Ejinrin is one town that must not be waved aside in history, trade and commerce, including its importance as a confluence of human life and heritage of death.
Whatever might have prompted Ebenezer Obey, one of the greatest minds of the Yoruba race and very renowned Yoruba musician, to have brought to global attention Ejinrin town in his song, ” Boko kan o re Ejinrin egbegberun e a lo” (if a vehicle refuses to ply Ejinrin, thousands others will do) simply brought into fore the fact that God usually speaks and reveals His awesomeness to three principal persons – the artists, musicians and writers.
According to Ebenezer Obey in his song of the late 60s or early 70s, Ejinrin was a thriving town full of marketing, trade and commercial activities bringing vehicular transportation both on the land and sea but more especially on its vast waterways.
Ejinrin is a coastal town located in the Epe Local Government Area of Lagos State. It was once a slave port during the Trans Atlantic Slave Trade and a thriving trade and commercial center when the activities of the Anti-Slavery Naval Squadron replaced the then-thriving slave trade with what the colonial masters and their business partners prided as the
” Legitimate Trade”.
My ever-burning desire to relate history with realities and my adventure into an academic research aspect of ” Postal History and Monuments in Nigeria” brought my encounters with Yomi Akinyeye, a professor of History in the Department of History and Strategic Studies, the University of Lagos, and Oba Babatunde Rafiu Ishola Balogun, the Elejinri of Ejinrin thus, an enriching reward of an admixture of history and monuments of history worth retaining as a heritage for national preservation and pride too.
Whereas Prof. Yomi Akinyeye related as an authentic academic trace of postal history in Nigeria way back un 1852 in Lagos as encapsulated. In his Master’s Thesis entitled ” History of Post and Telegraph in Nigeria 1852-1914″, His Royal Majesty, an amiable Kabiyesi, Oba Rafiu Babatunde Ishola Balogun, the Elejinrin of Ejinrin similarly prided but in the “Oldest Standing Post Office in Nigeria” alleging its trace to about 1857 as domiciled in his royal kingdom.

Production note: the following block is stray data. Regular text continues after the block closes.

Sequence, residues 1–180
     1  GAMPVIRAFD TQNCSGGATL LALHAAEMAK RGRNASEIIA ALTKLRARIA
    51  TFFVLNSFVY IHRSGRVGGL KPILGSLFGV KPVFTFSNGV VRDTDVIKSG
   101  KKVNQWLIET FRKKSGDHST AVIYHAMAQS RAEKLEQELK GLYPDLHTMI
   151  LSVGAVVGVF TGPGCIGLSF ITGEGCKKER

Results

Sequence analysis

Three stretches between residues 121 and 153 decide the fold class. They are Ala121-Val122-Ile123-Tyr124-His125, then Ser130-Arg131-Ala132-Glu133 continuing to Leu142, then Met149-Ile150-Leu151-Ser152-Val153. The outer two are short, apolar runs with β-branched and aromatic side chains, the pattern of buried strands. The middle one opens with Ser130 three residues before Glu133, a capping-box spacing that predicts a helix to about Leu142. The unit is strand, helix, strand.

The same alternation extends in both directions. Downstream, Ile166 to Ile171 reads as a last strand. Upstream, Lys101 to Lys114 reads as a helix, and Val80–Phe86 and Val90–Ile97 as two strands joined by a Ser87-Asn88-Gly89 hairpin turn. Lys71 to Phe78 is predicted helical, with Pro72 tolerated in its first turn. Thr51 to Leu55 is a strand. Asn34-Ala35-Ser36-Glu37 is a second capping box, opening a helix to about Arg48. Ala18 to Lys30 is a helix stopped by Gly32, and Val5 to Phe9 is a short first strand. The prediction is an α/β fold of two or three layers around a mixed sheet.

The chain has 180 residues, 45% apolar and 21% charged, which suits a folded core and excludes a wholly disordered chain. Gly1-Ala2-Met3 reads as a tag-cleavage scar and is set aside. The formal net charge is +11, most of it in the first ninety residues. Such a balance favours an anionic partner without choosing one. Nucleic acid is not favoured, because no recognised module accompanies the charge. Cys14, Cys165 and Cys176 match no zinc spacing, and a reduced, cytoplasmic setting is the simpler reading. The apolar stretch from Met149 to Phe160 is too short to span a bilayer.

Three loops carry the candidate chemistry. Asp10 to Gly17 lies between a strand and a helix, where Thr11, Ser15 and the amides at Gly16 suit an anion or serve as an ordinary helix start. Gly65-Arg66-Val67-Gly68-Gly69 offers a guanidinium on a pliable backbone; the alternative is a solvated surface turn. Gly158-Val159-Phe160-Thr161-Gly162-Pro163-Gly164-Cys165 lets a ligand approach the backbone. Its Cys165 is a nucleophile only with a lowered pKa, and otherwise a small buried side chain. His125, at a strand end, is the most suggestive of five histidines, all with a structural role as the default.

One funny thing about history was noted by a Swiss Historian who indicated thus, ” History is that great subject which is difficult to begin from the beginning”.
On the Post, Voltaire concludes its realities as they again relate to Ejinrin, once upon a thriving commercial town and trading slave and trade center.
According to him, ” The Post is that link connecting all affairs and all negotiations. By its means absent becomes present”.
If you doubt this submission of Voltaire, try an entrepreneurial voyage and see how the Post Office, the Patterns and Zochonis,(PZ ), the John Holt warehouses the A.B. C markets, and the Port anchor exhibit a beautiful layout of a well planned Central Business District that has weathered centuries past but still has glorious past and heritage to preserve and promote.
According to Elejinrin of Ejinrin, an Alumnus of the Posts and Telecommunications, the combined efforts of the Management of the Nigerian Postal Service and the National Commission for Museums and Monuments may help revamp the already dead spirit of appreciating the glorious past and bringing forward and promoting historical monuments as a national heritage for preservation.
Similarly, like prayer, may Almighty Allah bring back to life, at Ejinrin economic buoyancy, peace and tranquility to all Nigerians.
On our way out of Ejinrin township but still in its axis lays two important living reminders of events that you and I will die one day, anyhow and anywhere.
First, the refuse-infested alleged grave of Julius Berger, now à dump site of a man whose Julius Berger Road Construction Company like Biblical Moses has and is parting rivers, seas, lagoons, waterways, and lands so Nigerians can move and criss-cross safely and happily too.
Secondly, is the arcade, obelisks, or monument for over one hundred of some the most refined military officers of middle-level military cadres that met their untimely deaths in a plane crash a couple of decades ago during General Ibrahim Badamosi Babangida’s era.
As a confluence of ironies, with lives in them, on-air the soldiers flew, inside the sea swamps the soldiers crashed and back to land Julius Berger a German Company helped Nigeria to intern the tattered bodies of her fine soldiers.
I remembered as if it were yesterday, my senior at Titcombe College Egbe, Taiwo Awoniyi, Femowe, and my very good friend at the 23 Armoured Brigade Bauchi Ismail Garba who died as a Major in the unfortunate crash thus nipping in the bud a glowing career.
In life and death, for better or for worse, Time will always relate us and our actions as stories in History.
Remember, time will tell.
**Mr. Olaniyi, a retired postman, is a public analyst and culture promoter